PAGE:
This light sculpture by Numen/For Use bends reality to a new level. It’s a large cube of one-way mirrors lined with bright lights along the edges. Three of the cube’s six surfaces are made of flexible membrane, which bend as air is pumped into the cube by a huge compressor on one side. The other three surfaces are semi-transparent mirrors, so you can see into the cube’s infinite dimensions without leaving a reflection.
In other words, you get to peek into the Escher-esque abyss as it changes shape: “By inflating or deflating the air tank, the membrane turns convex or concave, deforming the reflections.” It must be seen to be believed. Make sure you scroll to the video below.
In the words of Numen/For Use, the Croatian-Austrian design collective that built the cube and others like it: “These objects, when lit, produce images that function as ideograms for non-Cartesian definition of space, in which the vanishing points are multiple and elusive, with the primary form of each solid projected ad nauseam, creating fractal light graphics.”
Full-screen and hit play to see your world expand:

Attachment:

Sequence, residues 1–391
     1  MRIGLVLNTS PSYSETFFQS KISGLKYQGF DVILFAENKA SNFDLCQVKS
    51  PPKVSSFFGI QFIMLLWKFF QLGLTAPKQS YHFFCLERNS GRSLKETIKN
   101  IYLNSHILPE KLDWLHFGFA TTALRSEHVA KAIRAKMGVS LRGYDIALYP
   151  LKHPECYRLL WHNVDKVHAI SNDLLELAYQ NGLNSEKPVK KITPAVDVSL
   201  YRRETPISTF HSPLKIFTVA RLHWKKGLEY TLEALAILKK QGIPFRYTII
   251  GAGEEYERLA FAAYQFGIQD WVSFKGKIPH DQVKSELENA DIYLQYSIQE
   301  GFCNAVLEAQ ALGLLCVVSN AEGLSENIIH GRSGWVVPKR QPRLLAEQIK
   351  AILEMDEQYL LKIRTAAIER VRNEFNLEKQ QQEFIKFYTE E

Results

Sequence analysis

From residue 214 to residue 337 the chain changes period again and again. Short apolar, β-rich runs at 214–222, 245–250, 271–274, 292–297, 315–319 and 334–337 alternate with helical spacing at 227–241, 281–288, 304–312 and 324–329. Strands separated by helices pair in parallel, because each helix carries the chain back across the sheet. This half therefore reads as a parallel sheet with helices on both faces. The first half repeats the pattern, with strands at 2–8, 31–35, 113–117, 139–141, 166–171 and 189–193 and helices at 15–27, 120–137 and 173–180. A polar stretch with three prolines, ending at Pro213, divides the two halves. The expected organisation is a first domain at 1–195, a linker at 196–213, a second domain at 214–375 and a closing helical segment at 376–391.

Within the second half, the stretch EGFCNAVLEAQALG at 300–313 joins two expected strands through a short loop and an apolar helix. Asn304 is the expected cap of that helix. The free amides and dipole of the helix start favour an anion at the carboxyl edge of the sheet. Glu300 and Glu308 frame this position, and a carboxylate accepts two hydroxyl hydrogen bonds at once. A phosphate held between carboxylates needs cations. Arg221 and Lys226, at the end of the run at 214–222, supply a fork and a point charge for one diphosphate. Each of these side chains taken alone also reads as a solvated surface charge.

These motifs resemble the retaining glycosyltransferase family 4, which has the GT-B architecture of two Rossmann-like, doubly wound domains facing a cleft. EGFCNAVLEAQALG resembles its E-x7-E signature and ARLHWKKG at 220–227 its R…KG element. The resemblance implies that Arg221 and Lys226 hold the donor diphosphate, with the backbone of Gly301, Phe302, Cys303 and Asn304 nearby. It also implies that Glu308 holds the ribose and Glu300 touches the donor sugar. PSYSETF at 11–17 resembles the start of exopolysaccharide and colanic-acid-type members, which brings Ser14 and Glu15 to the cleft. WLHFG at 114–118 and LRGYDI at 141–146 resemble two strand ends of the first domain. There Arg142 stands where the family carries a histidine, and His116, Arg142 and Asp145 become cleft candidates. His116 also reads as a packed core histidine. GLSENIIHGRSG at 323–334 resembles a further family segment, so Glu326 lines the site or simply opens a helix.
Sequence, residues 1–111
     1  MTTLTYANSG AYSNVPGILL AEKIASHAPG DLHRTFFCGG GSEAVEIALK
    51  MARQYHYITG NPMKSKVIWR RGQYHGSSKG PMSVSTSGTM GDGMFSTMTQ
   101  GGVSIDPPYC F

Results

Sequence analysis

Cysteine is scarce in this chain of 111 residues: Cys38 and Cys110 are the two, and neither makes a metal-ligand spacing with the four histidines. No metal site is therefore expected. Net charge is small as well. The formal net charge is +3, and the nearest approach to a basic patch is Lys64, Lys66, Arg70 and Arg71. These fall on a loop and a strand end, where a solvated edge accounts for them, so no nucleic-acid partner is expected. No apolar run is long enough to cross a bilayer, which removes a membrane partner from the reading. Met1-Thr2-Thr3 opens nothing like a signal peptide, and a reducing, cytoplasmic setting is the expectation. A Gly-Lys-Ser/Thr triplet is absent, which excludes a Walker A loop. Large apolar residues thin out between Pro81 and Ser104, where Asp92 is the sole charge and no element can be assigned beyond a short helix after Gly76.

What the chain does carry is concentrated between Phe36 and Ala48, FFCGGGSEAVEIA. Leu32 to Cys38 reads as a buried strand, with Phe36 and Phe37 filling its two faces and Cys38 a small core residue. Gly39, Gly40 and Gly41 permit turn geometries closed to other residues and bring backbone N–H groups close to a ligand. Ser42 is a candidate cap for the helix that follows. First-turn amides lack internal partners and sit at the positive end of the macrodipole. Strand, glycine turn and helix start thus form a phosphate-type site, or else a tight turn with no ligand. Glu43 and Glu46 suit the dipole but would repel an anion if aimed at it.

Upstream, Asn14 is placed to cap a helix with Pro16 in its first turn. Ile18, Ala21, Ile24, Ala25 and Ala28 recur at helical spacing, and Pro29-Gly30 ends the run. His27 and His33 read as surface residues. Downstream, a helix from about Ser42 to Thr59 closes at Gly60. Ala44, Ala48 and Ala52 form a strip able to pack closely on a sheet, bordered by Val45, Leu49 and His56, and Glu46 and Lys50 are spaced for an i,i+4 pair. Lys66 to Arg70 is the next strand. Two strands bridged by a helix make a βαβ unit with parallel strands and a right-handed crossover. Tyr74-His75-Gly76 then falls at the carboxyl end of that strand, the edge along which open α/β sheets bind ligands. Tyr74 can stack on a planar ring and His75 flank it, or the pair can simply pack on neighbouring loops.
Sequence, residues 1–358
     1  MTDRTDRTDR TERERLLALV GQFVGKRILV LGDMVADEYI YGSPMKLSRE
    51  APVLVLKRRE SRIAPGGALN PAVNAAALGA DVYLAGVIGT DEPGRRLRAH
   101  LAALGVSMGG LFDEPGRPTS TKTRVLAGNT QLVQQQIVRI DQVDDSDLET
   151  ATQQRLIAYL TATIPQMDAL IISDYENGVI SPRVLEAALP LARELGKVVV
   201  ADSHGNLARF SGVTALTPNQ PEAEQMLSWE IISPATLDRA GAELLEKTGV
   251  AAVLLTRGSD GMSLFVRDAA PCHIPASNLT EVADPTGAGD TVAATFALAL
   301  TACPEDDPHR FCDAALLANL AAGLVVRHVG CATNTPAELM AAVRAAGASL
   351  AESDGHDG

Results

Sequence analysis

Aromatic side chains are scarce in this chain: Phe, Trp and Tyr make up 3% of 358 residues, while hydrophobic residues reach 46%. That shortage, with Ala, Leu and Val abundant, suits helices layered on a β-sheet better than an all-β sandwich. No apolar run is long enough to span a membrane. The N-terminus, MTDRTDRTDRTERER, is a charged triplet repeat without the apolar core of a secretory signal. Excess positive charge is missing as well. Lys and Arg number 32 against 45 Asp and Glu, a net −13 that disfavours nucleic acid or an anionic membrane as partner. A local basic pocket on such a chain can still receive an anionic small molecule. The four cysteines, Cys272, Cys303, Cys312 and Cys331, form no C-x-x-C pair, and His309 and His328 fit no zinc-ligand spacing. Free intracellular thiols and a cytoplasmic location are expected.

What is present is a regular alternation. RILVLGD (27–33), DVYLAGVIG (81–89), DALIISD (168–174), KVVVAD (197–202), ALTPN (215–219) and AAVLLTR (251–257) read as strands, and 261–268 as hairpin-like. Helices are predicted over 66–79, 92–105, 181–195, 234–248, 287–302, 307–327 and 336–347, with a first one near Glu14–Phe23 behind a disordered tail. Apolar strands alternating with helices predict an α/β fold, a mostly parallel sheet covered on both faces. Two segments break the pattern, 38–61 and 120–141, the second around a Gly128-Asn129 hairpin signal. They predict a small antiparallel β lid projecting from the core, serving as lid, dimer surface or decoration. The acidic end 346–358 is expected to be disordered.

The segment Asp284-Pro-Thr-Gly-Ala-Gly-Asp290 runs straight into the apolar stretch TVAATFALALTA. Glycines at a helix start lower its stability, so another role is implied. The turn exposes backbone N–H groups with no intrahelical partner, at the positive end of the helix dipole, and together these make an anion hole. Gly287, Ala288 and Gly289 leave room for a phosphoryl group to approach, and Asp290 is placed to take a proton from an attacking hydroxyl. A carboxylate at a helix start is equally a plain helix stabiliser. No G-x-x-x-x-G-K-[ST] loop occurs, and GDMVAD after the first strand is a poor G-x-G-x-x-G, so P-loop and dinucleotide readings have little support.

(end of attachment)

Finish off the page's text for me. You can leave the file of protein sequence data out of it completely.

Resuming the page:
Keep watching past the first minute, and you’ll get an idea of the cube’s size compared to a person.
This may be the trippiest object I’ve ever seen, and yet it’s just 6 mirrors, 12 fluorescent lights, and an air compressor. A true display of complex patterns emerging from simple parts. The creators describe it as “a vertiginous display of an orthogonal neon grid collapsed into the depths of infinite multiplication — a virtual abyss unlocked by purely analog means.” Sounds about right to me.
I would love to stare into this thing for hours in real life — with or without chemical help. Who’s with me?
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